House to allay Duterte's doubts about divorce bill: Speaker


Posted at Mar 20 2018 08:44 AM | Updated as of Jan 30 2020 12:41 PM

FILE PHOTO: President Rodrigo Duterte speaks with House Speaker Pantaleon Alvarez in this photo taken at the Makati Shangri-La Hotel, September 19, 2017. Ace Morandante, Malacañang Photo

MANILA - Congressmen are ready to allay President Rodrigo Duterte's misgivings about legalizing divorce in the country, House Speaker Pantaleon Alvarez said Tuesday. 

The measure, which would allow a divorced partner to marry another person of the opposite sex, passed Monday on third reading by 134-57 with 2 abstentions in the House of Representatives. 

Duterte is against divorce, believing children of divorce will suffer, his spokesman Harry Roque revealed. 

"Kami ay handang magpaliwanag sa Pangulo. Iyung concern ng Pangulo, in fact, talagang mahaba ang diskusyon niyan sa committee na siniguro talaga ma-address ang welfare nung mga bata," Alvarez told DZMM. 

(We are ready to explain to the President, His concern, in fact, was discussed thoroughly at the House committee level, which guaranteed that the welfare of divorced couples' children will be addressed.) 

"Malinaw na malinaw po iyung provision tungkol doon, especially iyung education and support of the children," he added. 

(The bill's provision about that is very clear, especially on the education and support of the children.)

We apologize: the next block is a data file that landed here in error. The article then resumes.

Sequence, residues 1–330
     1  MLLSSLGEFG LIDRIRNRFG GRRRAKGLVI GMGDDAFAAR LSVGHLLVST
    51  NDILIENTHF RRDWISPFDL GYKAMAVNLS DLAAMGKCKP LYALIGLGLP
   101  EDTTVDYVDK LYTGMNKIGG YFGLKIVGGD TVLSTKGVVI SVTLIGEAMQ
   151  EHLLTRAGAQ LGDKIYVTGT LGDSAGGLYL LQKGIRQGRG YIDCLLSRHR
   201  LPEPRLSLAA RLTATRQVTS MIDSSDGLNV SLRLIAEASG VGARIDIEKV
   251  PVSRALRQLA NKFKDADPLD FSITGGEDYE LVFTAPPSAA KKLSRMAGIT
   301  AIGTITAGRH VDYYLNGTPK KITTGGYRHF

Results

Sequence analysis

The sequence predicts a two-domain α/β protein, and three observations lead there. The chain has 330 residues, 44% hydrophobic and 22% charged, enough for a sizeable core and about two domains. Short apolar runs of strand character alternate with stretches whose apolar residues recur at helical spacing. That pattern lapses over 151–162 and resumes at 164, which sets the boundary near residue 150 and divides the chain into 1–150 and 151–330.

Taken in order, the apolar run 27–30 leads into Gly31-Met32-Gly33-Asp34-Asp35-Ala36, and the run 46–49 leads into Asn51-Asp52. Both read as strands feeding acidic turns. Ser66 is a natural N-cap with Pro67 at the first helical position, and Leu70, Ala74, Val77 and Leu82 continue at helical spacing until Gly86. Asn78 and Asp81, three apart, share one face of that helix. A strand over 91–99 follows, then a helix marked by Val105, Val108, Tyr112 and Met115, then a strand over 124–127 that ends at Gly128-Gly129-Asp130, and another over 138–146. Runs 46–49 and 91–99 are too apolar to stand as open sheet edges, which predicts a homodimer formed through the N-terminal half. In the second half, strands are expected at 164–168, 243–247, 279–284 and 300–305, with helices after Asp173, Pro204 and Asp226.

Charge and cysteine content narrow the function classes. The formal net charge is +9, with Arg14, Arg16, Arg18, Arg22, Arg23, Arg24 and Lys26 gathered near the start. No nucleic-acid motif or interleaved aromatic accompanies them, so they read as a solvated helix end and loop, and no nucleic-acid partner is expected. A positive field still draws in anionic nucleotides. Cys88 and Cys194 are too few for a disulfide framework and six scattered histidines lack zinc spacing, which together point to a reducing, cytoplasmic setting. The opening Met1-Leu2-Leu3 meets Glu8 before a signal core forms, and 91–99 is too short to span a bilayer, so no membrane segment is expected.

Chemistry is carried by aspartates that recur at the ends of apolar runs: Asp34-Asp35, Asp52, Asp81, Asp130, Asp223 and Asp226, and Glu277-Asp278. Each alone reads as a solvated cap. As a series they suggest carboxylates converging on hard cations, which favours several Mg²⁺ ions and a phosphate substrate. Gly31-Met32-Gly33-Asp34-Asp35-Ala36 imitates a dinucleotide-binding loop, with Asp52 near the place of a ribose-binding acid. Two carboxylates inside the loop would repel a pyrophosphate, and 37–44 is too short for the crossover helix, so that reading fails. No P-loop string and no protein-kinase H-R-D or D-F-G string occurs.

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At present the only way to exit a failed union is to bring an expensive civil case of annulment in which a judge declares a marriage invalid due to "psychological incapacity".

Applicants must undergo a mental exam, testify in court and sometimes even claim they or their spouse entered the union while afflicted by a disorder such as narcissism.

The process can take anywhere from 1 to 10 years to wind through the creakingly slow and overburdened Philippine court system and cost at least P250,000. 

 Duterte, 72, separated from his estranged wife in this manner long before he was elected president.
The proposed divorce law would require a court ruling to dissolve "irremediably broken" marital unions. The bill will become law if the Senate also passes it and Duterte refrains from using his veto. 

Several senators, however, have publicly stated their opposition. 

"Pag nai-forward naman namin iyan sa kanila (Senate), hopefully,pag-usapan nila," Alvarez appealed to senators. "Alam naman natin lahat na matagal nang problema ito ng karamihan ng mga kababayan natin." 

(When we forward the bill to them, we hope that they could discuss it because we know that this has long been a problem for many Filipinos.) 

A predominantly Catholic country, the Philippines is one of only 2 states in the world, aside from the Vatican, where divorce is outlawed. Since 1999, lawmakers have regularly filed a bill to legalize divorce, only to see it languish in committee limbo -- until now.

With a report from Agence France-Presse